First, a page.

Joseph Nacchio, the former CEO of Qwest Communications, claims that the National Security Agency asked his company in February, 2001, to participate in a potentially illegal surveillance program—and when he declined, punished the company by dropping a contract worth hundreds of millions of dollars, reports the Washington Post. The allegation puts NSA's move to get access to Americans' phone records without a warrant six months before 9/11.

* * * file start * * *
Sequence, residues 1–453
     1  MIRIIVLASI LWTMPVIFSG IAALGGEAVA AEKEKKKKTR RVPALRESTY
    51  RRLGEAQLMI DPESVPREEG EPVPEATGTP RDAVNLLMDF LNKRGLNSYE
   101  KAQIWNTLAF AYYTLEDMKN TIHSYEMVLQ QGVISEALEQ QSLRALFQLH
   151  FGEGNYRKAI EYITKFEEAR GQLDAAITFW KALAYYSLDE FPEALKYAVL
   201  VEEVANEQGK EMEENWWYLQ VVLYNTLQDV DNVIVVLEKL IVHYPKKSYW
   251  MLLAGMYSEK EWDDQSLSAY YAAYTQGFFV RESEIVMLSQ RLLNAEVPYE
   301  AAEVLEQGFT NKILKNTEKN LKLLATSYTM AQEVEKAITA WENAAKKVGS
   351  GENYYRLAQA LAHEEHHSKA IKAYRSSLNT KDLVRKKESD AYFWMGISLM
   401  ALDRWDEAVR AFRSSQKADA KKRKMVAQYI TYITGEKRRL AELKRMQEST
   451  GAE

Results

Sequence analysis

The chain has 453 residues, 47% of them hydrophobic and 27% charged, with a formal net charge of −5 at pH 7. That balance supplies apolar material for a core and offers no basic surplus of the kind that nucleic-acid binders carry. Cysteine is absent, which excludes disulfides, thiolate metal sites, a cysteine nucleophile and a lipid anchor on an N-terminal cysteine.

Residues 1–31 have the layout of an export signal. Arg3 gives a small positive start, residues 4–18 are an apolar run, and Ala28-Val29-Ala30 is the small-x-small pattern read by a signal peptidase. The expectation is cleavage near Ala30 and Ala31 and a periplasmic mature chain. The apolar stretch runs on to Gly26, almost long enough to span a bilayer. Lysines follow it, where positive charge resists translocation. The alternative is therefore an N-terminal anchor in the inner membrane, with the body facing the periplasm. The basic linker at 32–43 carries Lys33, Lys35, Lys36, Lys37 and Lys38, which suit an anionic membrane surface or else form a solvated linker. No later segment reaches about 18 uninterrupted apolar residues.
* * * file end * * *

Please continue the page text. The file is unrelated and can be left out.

The allegation (with details redacted) is included in an appeal of Nacchio's insider-trading conviction last spring; he argues that the loss of the NSA contract contributed unexpectedly to the company's earnings collapse. But the implications reach beyond his case: the government has said it was the September 11 attacks that made access to phone records and warrantless wiretapping necessary. (Read more National Security Agency stories.)